Wednesday, 21 October 2020

Idyllic Loweswater


Time to visit another one of those puddles in the hills, otherwise known as ‘The Lakes’. This one is a particularly idyllic lake called Loweswater and we should be able to walk all around it in a couple of hours. There’s a country lane down one side, a woodland trail along the other, and farmland at either end. So, we’ll start midway down the lane and head for the south eastern end. 


Not so many flowers along the roadside at this time of year, a few Red Campion and the odd DYC (a botanical term for difficult to identify dandelion-like plants, standing for damned yellow composites. Similar to the ornithologist’s LBJs – little brown jobs). This yellow flower, on the other hand, is easily recognisable as a Welsh Poppy which is native to the uplands of the western edge of Europe, from Iberia to up here in the north west of the UK. 


I see that we have a Great Cormorant drying his wings out on the lake. They do this because their feathers aren’t waterproof. This may seem odd for a diving bird that lives on fish, but waterproof feathers are more buoyant which would hinder their diving ability. Their plumage varies throughout the year, and also from year to year as they get older. Add to this, the fact that we have two different subspecies in the UK and you come to realise that Cormorants can be very variable indeed. This one, I suspect, is the subspecies Phalacrocoax carbo sinensis in its first winter plumage. 




Into the woods now and it’s mushroom time again. We’ll go into mushroom identification in more detail later, but as an introduction let’s have a look at three of the main types that we’re likely to come across on our perambulations. The first type is the Agarics [Order Agaricales]. These are the type with which we are most familiar and includes those that you buy in the supermarket for everyday use. They have stems that can be long, short, thick or spindly but all have gills on the underside of the cap. The second type is the Boletes [Order Boletes] which usually have short, thick stems but the underside of the cap is like a sponge and has no gills. The third type is the Brackets [order Polyporales] that have no stems but grow straight out of the side of a tree, living or dead, (or wood that used to be part of a tree). Their texture is not jelly-like. Jelly fungi are a different, complex group and you can see an example in An Urban Oasis. All types contain edible, inedible and poisonous varieties, so resist the urge to pick any just yet.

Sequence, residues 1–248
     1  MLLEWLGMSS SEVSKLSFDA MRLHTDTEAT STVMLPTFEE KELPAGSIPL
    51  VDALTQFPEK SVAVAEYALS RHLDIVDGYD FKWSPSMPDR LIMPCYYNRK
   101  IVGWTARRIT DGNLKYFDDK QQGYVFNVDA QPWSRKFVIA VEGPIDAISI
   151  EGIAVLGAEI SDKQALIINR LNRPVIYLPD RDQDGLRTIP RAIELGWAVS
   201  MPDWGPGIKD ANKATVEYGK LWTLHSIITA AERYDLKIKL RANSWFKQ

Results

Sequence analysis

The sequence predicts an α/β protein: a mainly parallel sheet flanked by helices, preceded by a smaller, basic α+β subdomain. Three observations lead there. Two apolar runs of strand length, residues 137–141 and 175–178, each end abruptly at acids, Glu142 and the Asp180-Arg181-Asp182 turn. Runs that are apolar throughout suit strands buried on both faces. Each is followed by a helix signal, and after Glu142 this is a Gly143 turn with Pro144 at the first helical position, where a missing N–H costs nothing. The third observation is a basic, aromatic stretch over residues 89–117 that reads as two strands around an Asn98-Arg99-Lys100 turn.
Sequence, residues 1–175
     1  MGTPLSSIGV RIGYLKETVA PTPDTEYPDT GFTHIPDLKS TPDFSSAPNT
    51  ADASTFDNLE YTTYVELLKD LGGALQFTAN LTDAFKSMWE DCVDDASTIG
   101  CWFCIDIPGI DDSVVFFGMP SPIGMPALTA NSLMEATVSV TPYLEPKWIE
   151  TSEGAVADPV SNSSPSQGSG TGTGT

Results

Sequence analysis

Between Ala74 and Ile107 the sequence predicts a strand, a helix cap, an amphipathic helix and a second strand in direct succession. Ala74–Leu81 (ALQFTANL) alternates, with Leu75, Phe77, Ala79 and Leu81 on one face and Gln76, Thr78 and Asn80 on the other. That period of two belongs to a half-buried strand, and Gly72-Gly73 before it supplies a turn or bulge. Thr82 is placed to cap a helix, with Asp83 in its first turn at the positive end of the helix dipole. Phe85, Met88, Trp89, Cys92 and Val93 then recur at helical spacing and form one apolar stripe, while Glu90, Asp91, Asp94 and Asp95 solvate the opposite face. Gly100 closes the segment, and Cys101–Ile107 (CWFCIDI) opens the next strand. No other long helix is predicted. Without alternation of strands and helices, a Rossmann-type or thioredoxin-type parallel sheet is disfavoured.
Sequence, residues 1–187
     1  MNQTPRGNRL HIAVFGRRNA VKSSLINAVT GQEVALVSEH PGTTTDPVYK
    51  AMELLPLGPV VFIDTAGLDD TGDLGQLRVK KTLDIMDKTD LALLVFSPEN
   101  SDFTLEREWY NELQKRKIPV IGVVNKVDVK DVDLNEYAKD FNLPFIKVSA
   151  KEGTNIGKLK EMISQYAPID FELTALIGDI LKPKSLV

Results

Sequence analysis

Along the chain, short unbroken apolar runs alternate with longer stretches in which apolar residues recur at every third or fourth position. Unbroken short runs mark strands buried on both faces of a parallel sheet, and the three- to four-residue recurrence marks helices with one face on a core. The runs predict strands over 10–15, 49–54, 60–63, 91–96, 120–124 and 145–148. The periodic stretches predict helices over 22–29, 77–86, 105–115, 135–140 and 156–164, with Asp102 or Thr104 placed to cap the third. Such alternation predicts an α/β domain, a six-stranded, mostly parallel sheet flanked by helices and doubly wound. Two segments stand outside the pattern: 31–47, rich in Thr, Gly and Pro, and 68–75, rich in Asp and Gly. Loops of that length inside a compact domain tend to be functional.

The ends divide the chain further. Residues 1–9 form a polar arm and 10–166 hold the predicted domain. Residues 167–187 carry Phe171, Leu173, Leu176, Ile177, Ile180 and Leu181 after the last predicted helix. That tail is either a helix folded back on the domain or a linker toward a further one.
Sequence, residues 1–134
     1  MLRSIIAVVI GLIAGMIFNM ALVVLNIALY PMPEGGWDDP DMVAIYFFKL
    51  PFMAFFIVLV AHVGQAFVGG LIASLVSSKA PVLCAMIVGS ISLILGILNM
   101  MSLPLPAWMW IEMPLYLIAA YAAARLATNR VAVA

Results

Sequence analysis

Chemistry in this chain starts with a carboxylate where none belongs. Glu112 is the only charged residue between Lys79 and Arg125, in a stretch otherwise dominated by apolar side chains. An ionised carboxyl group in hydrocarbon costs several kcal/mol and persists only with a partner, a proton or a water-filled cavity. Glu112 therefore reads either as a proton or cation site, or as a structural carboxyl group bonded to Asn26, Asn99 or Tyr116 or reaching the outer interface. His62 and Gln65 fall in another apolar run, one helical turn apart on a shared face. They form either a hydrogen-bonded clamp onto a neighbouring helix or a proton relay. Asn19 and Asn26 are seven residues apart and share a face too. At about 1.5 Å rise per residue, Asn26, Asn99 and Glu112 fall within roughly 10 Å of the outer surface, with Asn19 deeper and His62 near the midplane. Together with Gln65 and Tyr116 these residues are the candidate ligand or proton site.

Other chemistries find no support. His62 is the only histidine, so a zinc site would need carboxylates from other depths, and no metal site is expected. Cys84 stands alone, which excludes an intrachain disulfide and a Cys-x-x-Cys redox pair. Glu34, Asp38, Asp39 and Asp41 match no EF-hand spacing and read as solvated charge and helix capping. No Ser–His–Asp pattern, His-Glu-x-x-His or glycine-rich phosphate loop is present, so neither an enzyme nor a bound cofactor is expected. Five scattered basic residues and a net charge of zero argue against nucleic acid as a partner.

As the flowers are becoming scarcer, so too are the insects that feed on their nectar. Being near water, there are plenty of midges about but, thankfully they don’t seem to be the biting kind. Non-biting midges, of which there are probably more than 10,000 species, form the fly family, Chironomidae. Another familiar fly family is the Muscidae, which includes the House Fly and the Stable Fly and because of their close connection with us humans [synanthropy, in scientific terminology] they can be seen at any time of the year. But hey, even Muscids can be pretty, if you look at them close enough.






And finally, as we wend our way back along the road, a magnificent Holly Tree in berry. Yes, Christmas is approaching, the book list is below, and I’ll say no more than that! Meanwhile, on the domestic front, I shall be moving into my new abode during the next few weeks so I’ll be up to my neck in paint brushes and things. So, I’ll see you in about three week’s time, when I’ve got things under some sort of control. Happy Hallowe’en, if I don’t see you before, 

Steve 




Steve's Books


The Quick Guide to Creepy-Crawlies

All you need to know to identify any type of insect, spider, worm or snail very simply and find out more about it.

Yvonne: This was a gift for a family so that the children can understand what they see on days out. The second was for me. Logical and easy to use. If you know anyone who likes nature you can be confident that gifting this book will give years of pleasure.



The Eggs of Saramova

A science fiction novella for those who don't like science fiction. A fast-paced thriller that is, literally, out of this world (and it starts right here in Crete).

Too new for reviews yet!



Not Just For Twisted Women by Steve Daniels 

A light-hearted look at life through the eyes of the fairer sex.

Janet: If you are short on time but enjoy reading and are maybe not into long extended novels then Not Just For... Twisted Women provides readers with concise stories that stand alone and most certainly entertain with their ultimate twists. Loved it.

Helen: A very good read! Well written and entertaining!

Margaret: Each quick tale gives a glimpse into a character's life and has an often humorous twist at the end. I would love to read more.

Yvonne: These days many people find it hard to find the time to read a novel, so this book of short stories is ideal to dip into. It is also makes a good gift.





See sample pages of all my books and latest blogs, and keep abreast of latest publications here:

http://author.to/SteveDaniels





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LINKS:

Share your nature thoughts, photos and comments on Naturalists (the facebook page that accompanies this blog)


Explore east Crete with the #CreteNature interactive Hiking and Nature Map


Crete

Cumbria

Cretan Flora


Crete Birding


Greek Butterflies and Moths

Cumbria Wildlife Trust

Cumbria Bodiversity Data Centre

Carlisle Natural History Society





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